All of our thrift stores are closed due to COVID-19. Fortunately we found a LOT of games and puzzles before the shutdown thanks to people who began their spring cleaning early. Jigsaw puzzles are a hot commodity right now and we’ve lent out dozens to family, neighbors and friends during these uncertain times. We have one table dedicated to putting one together ourselves and another with a game set up so we can play any time we wish. Right now we’re enjoying our latest Thrift Treasure find, Noble Celts.
Noble Celts was originally published in the mid 90’s and was an attempt at a tribute to circular chess-type games of the Dark Ages. The original rules have been long lost, probably during one of the many times games like Chess were banned. This version utilizes the standard rules of Chess and adapts them to accommodate a circular board.
Each player begins the game with the standard sixteen Chess pieces. Instead of facing off from opposite ends of the board, one player begins with all of their pieces in the center while the other surrounds them with theirs on the perimeter. It is claimed that neither starting position has an advantage.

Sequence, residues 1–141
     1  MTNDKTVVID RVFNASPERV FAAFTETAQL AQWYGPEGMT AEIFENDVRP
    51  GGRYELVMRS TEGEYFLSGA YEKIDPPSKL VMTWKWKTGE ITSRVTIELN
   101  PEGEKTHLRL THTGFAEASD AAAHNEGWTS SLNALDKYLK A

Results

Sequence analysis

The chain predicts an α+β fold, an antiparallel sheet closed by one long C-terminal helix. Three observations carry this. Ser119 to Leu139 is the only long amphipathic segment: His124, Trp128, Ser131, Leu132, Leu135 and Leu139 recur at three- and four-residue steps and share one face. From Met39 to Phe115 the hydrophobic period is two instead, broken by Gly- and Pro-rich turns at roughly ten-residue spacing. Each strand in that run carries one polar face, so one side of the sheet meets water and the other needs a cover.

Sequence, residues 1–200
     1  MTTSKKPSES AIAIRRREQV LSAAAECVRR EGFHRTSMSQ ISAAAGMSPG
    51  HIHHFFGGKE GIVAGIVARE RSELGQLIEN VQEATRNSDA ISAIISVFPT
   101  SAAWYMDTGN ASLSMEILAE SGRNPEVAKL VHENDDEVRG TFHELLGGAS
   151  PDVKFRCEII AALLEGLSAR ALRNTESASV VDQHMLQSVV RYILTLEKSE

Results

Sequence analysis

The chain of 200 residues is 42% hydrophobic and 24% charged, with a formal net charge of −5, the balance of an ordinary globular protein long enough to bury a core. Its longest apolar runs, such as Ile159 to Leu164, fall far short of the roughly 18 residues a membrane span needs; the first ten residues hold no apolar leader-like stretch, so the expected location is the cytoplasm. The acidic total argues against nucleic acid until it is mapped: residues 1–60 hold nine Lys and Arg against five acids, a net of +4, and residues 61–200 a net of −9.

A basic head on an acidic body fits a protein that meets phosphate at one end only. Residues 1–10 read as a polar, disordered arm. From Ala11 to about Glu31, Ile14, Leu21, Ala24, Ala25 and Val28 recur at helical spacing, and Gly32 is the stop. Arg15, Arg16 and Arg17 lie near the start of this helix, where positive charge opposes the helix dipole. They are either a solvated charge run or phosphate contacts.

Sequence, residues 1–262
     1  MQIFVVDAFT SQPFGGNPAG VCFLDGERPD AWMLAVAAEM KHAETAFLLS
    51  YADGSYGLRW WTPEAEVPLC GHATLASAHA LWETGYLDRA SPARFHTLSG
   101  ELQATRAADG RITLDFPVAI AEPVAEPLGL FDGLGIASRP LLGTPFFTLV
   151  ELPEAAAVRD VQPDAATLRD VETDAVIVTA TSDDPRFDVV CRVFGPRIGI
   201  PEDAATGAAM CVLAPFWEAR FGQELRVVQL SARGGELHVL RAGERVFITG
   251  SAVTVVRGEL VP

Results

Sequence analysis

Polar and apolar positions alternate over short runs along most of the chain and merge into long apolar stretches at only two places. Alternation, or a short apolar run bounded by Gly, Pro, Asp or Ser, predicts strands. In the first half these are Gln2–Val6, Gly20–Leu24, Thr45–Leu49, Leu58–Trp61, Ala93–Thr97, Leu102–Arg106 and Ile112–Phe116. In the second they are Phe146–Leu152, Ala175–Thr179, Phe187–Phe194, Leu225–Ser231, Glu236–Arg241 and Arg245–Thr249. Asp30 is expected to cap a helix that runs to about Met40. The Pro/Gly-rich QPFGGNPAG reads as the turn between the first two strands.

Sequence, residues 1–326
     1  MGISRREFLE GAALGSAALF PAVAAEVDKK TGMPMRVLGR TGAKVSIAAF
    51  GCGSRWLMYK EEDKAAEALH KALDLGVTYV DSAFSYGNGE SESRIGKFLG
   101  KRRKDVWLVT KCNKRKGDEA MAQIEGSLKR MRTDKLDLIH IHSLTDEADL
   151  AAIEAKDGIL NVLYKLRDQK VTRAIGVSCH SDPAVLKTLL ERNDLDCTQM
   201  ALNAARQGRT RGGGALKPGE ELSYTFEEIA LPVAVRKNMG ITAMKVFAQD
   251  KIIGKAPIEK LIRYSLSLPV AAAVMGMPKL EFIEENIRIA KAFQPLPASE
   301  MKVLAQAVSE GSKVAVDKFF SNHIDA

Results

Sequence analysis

Movement of each piece in Noble Celts is very similar to what you’re used to in Chess. Kings move one circle in any direction (follow the connecting lines). Queens move the same as Rooks or Bishops, who move horizontally or vertically (Rook) or diagonally (Bishop) along the ropes. Pawns also move identically to their classic brethren – one or two spaces vertically to start and one space vertically from then on out. That is, unless they’re trying to capture an opponent’s piece – they may then strike diagonally. Pawns may also be promoted to any other piece type once they reach the opposite side of the board from where they began!
Castling works in the same manner as Chess – the King and the Rook swap places if neither have been moved as of yet and there is nothing between them. Calling “Check” when you place an opponent’s King in danger is optional and agreed upon before the start of the game. “Checkmate” is still used when you believe you have trapped their King into a losing position.
Stalemates are also handled identically. If your only option is to move back and forth on the same spaces, you must resign the game. If you are just running around the board being chased (a Rook running from a Queen), you too must resign. Rules for a quicker game, adapted from the Nine Palaces alternate ruleset of Xianqi (Chinese Chess), force a loss if you are required to move your King outside of your starting sixteen spaces.
While you can find Noble Celts on Amazon, you’ll find much better value picking up a copy from eBay. Noble Celts comes with its board printed on simulated leather material. Be sure to check it for tears, stains or smells before purchasing!
Have you ever seen or played this circular version of Chess?